Wadada Leo Smith is currently making some of the most distinctive music on the planet; its expressive depth, as exemplified by Heart's Reflections
, seemingly born not merely of one lifetime, but of several. The trumpeter's means of expression, which has never been the stuff of mere virtuosity, is now purged of all excess, resulting in something else, deeply enriched with clarity of thought and execution. It could argued that such clarity doesn't come easily, but in bringing together the musicians Smith has on this two-disc, it's clear that Smith sure knows how to pick them.
With its multiple facets, "Leroy Jenkins's Air Steps (for Leroy Jenkins)" illustrates these points. The music is, by turns, meditative and harshly dissonant, ensuring that the piece's underlying unity emerges only gradually. When wired funk comes to dominate proceedings at around the 6:20 mark, Smith's long-term fascination with Miles Davis
' electric music from the first half of the 1970s also comes to the fore, but put through Smith's prism to emerge as something distinct in its own right.
There's something of the swamp about "Don Cherry's Electric Sonic Garden," but such is the fertility of Smith's contribution that it has the effect of pulling the music in a somewhat contrary direction; still, because this is rarefied music, the apparent contradiction is easily resolved.
That, with the passing of time, Smith is becoming an ever more absorbent musical sponge is best highlighted on the multi-part title track, where each section has a title in its own right, spanning the two discs. Thus, the reverential "The Dhikr of Radiant Hearts Part II" is enhanced, in no small part, by Angelica Sanchez
's electric piano, before the specter of Miles Davis looms again briefly, only to be usurped by a meditative air that comes not merely from Smith's obviously deep spirituality, but as the result of collective in-the-moment thinking, which provokes a quiet sense of wonder.
Coming back to Heart's Reflections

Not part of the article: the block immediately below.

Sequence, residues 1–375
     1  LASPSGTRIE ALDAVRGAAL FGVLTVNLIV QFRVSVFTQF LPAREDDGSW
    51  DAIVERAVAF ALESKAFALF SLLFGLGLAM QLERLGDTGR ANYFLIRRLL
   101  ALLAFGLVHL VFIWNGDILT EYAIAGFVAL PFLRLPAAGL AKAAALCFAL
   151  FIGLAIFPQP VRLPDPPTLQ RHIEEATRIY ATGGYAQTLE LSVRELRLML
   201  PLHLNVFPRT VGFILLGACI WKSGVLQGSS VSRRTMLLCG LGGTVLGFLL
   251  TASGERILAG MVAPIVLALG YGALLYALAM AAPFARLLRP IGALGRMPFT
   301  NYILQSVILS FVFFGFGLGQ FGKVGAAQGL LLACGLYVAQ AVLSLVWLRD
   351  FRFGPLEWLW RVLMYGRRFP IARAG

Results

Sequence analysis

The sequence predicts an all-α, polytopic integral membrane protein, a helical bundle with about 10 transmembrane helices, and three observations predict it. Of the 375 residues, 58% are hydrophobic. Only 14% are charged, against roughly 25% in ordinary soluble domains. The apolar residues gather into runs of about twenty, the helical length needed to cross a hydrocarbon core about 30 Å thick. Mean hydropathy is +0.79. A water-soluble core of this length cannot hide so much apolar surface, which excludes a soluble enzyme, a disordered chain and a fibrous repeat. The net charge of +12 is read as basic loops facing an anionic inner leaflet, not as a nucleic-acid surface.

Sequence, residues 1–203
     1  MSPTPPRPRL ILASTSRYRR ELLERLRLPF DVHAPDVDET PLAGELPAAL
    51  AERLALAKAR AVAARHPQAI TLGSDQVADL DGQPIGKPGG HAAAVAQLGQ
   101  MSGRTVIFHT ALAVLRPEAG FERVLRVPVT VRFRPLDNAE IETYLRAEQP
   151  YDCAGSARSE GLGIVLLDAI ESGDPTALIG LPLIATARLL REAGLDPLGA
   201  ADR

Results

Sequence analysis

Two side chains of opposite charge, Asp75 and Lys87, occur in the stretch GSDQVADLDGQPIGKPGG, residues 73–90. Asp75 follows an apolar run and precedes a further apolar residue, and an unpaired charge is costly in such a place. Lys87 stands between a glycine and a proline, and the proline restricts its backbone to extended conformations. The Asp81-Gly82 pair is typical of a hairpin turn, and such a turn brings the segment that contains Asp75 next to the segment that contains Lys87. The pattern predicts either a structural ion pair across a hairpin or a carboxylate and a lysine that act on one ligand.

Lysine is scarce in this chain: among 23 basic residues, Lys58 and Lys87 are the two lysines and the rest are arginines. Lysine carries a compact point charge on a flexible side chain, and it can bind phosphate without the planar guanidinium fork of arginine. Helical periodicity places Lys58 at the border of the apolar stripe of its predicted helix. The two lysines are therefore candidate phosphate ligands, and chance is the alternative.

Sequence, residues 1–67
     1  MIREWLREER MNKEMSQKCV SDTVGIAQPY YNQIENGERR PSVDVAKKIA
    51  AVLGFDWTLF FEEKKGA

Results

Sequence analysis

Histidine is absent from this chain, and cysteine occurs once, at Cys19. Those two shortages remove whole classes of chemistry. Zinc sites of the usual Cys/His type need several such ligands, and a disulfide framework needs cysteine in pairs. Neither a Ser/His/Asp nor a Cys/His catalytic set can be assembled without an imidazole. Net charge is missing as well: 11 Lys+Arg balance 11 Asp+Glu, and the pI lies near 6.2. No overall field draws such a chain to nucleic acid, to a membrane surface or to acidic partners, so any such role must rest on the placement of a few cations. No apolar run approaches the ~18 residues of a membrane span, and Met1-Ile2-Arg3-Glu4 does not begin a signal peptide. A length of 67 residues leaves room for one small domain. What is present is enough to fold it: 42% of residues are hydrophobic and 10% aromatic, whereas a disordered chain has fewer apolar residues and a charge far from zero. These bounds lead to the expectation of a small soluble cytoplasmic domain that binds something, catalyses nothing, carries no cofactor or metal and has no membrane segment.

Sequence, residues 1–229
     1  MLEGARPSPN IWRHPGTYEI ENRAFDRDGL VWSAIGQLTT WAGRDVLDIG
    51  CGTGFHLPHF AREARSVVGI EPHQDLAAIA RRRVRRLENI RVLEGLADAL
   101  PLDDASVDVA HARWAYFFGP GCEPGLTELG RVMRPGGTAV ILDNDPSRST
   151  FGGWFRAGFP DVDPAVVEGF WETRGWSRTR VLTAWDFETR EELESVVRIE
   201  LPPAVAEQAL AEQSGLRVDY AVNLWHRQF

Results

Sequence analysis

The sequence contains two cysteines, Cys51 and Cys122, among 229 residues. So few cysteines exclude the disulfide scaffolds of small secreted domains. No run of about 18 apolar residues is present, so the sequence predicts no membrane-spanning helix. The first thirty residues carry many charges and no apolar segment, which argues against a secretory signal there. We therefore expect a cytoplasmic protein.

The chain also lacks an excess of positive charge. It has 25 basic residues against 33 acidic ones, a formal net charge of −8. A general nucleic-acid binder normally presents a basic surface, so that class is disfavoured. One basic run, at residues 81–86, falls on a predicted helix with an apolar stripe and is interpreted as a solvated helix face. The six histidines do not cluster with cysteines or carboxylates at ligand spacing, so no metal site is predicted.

for the sheer listening experience is also a spiritual experience in itself. Deep though it can be, it is in some respects merely a starting point for adventures limited only by the imagination. Truly this is music for the ages.
Track Listing: CD1: Don Cherry's Electric Sonic Garden; Heart's Reflections: Splendors of Light and Purification (for Shaykh Abu al-Hasan al-Shadhili): The Dhikr of Radiant Hearts, Part I; The Dihkr of Radiant Hearts, Part II; The Majestic Way; The Shaykh, as far as Humaythira; Spiritual Wayfarers; Certainty; Ritual Purity and Love, Part I; Ritual Purity and Love, Part II. CD2: Heart's Reflections: Splendors of Light and Purification (for Shaykh Abu al-Hasan al-Shadhili): Silsila; The Well: From Bitter to Fresh Sweet Water, Part I; From Bitter to Fresh Sweet Water, Part II; Toni Morrison: The Black Hole (Sagittarius A*), Conscience and Epic Memory (for Toni Morrison); Leroy Jenkins's Air Steps (for Leroy Jenkins).
Personnel: Wadada Leo Smith: trumpet, electric trumpet; Casey Anderson: alto sax; Casey Butler: tenor sax; Stephanie Smith: violin; Angelica Sanchez: piano, electric piano; Michael Gregory: guitars; Brandon Ross: guitar; Lamar Smith: guitar; Josh Gerowitz: guitar; Skuli Sverisson: bass, 6-string bass; John Lindberg: basses; Pheeroan Ak Laff: drums; Mark Trayle: laptop; Charlie Burgin: laptop.
Title: Heart’s Reflections
| Year Released: 2011
| Record Label: Cuneiform Records